Counsel begs clemency for truck driver in fatal Clan Carthy mishap
The lawyer for the driver of a garbage truck that fatally crushed a seven-year-old Clan Carthy Primary School student has painted a grim picture of a man haunted by guilt since the tragedy, spending many nights crying.
Alten Brooks, who now sports a full head of grey hair and appears much older than his 55 years of age, pleaded guilty to manslaughter under a plea deal last November in connection to the death of grade two student Benjamin Bair.
“When Mr Brooks was taken into custody, he was in custody for two months, and he said it was one of the hardest parts of his life,” attorney-at-law Davion Vassell shared during his submission at the sentencing hearing in the Home Circuit Court on Friday.
“A quiet man, who has never been in any brushes with the law. He was in custody for two months, and during that time, every time I saw him, he was in tears, not just because he was in jail. Even when he had turned himself in and they were describing what had happened I watched him cry, not because he is in trouble but because a little boy had lost his life,” the attorney added.
Admitting that Benjamin was killed under very tragic circumstances, Vassell said, “May we never have to live with the guilt that is being experienced by Mr Brooks.”
He pointed out that Brooks had jumped into action when he saw the truck running away and had tried to get to the cabin, but fell.
Describing his client as a quiet, hardworking, loyal and reliable worker, the attorney said Brooks was given a truck to operate that was not in perfect shape.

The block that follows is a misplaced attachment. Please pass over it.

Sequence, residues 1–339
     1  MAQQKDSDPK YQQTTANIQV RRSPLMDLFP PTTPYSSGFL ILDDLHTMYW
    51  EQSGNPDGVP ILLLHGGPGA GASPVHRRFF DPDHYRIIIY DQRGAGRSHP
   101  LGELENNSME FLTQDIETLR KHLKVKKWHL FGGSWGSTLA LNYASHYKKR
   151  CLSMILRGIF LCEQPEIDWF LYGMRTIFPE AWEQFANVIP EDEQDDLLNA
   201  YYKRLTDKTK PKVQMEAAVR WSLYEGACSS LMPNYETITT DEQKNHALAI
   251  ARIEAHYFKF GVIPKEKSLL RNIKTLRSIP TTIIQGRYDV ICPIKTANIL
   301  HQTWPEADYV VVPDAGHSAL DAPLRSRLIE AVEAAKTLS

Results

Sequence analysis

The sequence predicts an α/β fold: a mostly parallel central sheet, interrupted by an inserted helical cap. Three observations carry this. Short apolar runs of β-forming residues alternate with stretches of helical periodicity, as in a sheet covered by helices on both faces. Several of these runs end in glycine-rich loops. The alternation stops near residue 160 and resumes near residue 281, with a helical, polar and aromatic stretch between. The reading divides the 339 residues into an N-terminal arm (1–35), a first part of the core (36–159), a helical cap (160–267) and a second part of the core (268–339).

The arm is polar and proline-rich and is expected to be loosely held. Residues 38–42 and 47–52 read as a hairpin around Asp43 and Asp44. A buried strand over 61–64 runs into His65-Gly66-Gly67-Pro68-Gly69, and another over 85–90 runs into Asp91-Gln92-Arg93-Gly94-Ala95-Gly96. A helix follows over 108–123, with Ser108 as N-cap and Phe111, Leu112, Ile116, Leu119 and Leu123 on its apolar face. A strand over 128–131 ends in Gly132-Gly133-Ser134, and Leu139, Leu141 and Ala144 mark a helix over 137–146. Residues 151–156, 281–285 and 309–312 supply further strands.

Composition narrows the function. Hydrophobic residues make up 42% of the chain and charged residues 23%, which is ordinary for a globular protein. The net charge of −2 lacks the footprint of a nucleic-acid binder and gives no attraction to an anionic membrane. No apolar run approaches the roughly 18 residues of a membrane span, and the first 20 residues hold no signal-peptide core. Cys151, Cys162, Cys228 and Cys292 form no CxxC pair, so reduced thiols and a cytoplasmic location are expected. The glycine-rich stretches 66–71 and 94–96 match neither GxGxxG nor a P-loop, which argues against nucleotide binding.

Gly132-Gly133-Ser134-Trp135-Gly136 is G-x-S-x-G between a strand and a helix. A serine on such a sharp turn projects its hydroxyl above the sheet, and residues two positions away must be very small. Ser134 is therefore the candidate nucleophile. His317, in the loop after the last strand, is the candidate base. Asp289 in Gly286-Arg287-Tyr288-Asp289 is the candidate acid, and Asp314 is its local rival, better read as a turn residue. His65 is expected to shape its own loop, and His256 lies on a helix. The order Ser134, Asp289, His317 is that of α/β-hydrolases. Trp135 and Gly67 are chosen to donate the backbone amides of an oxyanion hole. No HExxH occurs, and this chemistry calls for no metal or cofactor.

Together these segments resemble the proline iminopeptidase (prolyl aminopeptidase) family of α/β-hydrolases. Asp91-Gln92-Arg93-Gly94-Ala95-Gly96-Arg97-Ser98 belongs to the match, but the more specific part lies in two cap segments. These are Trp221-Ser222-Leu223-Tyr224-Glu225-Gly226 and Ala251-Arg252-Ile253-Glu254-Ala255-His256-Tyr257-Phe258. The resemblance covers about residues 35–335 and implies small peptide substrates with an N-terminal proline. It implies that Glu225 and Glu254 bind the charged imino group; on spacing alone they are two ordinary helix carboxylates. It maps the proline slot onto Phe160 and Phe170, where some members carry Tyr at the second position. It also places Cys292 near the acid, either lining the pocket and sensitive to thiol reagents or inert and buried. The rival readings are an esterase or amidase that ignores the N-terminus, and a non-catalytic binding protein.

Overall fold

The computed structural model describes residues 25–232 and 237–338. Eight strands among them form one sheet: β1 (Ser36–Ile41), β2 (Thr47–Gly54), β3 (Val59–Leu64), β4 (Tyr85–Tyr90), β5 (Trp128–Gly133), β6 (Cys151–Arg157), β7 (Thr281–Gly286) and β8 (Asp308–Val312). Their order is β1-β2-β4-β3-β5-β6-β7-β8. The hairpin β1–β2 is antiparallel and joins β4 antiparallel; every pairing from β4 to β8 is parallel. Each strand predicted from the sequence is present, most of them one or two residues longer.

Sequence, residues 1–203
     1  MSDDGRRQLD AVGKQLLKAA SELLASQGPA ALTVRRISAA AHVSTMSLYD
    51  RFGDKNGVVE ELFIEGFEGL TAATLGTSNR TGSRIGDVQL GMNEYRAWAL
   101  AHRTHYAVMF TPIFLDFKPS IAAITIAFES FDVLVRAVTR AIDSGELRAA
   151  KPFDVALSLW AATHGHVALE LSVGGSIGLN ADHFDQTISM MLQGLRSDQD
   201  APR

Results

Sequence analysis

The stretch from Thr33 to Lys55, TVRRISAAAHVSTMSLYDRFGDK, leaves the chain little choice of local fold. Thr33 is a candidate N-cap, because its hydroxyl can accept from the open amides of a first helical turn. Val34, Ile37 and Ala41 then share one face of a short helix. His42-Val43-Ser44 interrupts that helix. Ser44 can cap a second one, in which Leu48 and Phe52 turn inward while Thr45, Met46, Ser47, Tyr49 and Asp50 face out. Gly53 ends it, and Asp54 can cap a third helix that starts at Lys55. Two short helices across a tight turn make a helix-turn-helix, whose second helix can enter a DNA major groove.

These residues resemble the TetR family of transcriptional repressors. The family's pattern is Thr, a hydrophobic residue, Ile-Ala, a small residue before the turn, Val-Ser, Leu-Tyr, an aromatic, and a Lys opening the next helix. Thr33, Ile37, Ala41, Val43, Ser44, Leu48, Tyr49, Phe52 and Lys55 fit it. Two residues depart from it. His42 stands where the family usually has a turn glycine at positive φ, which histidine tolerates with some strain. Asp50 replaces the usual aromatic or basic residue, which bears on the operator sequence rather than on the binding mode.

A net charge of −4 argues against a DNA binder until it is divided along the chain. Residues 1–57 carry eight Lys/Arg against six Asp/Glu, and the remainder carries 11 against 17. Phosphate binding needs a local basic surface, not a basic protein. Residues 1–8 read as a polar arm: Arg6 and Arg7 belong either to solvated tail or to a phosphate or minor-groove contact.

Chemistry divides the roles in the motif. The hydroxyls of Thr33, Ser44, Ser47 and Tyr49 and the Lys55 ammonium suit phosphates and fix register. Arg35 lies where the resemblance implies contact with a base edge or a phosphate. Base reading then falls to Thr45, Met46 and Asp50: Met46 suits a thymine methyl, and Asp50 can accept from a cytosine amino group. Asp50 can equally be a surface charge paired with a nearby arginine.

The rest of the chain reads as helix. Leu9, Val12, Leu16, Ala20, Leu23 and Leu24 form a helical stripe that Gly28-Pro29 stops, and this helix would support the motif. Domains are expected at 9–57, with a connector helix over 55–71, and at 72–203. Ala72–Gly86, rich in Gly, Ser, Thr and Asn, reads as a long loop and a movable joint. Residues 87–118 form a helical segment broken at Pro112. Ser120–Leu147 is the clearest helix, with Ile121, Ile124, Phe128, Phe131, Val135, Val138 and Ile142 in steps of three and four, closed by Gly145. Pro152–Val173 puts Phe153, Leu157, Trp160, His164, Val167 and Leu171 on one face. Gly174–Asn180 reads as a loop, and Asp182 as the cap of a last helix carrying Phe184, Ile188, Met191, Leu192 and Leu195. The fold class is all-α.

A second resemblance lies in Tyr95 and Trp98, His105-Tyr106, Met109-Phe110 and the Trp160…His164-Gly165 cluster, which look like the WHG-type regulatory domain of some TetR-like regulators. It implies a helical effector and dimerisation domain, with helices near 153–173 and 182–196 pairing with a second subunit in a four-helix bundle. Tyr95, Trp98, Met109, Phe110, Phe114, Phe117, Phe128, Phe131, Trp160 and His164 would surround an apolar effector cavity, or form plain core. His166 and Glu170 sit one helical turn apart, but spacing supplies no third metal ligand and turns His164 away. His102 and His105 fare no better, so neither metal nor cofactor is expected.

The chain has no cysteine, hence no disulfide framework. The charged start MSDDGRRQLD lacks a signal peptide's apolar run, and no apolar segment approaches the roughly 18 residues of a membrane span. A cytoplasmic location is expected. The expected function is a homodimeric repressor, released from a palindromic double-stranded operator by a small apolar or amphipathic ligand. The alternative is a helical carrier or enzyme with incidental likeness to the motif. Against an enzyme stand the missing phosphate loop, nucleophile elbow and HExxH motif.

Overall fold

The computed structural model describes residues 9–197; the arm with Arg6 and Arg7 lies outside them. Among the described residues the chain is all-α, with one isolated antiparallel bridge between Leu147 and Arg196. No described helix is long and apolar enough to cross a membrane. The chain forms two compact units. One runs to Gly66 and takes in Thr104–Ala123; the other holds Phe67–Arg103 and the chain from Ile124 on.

Presiding judge Justice Leighton Pusey had indicated on Monday that he would not be accepting a recommendation for Brooks to be fined and was inclined to hand him a prison term.
During his submission, Vassell asked the judge to consider a non-custodial sentence, highlighting that members of the communities in Brighton, Westmoreland, where Brooks originated, and in Bull Bay, St Andrew, where he currently resides, have also begged for leniency.
Noting that it is the usual practice for manslaughter convicts to be given a fine or a suspended sentence, the lawyer further asked the judge to consider whether Brooks’ case was considered as one of the most egregious kinds, where nothing other than incarceration would suffice.
Vassell also impressed upon the judge to observe the way the court has been dealing with these matters.
After hearing the submissions, Justice Pusey said he needed time to determine the sentence in light of issues in law raised by Vassell and the fact that he had rejected the recommended sentence.
Consequently, the passing of the sentence was scheduled for next Thursday.
The court heard that on October 28, 2019, Brooks and two sidemen drove on to the school compound at approximately 4:30 p.m.
The sidemen told Brooks to operate the compactor, which ran on the throttle of the vehicle, so they could get more space in the truck for the garbage.
The truck driver then used a stick to press down on the accelerator pedal before exiting the vehicle and heading to the back of the truck.
While he was outside, the truck drove off and overturned after it collided with a Toyota motorcar parked on the compound.
Several students began running to avoid being hit when the truck started moving, but Bair, who was among them, was pinned down by the unit when it overturned, killing him on the spot.
Brooks and his two sidemen then fled the scene.
Brooks surrendered three days later.
Vassell told the court that his client ran because threats were being hurled at him and he was in fear for his life.
An examination of the vehicle found that there was excessive free play of the steering wheel due to worn defective components and that the tyres were worn and not roadworthy.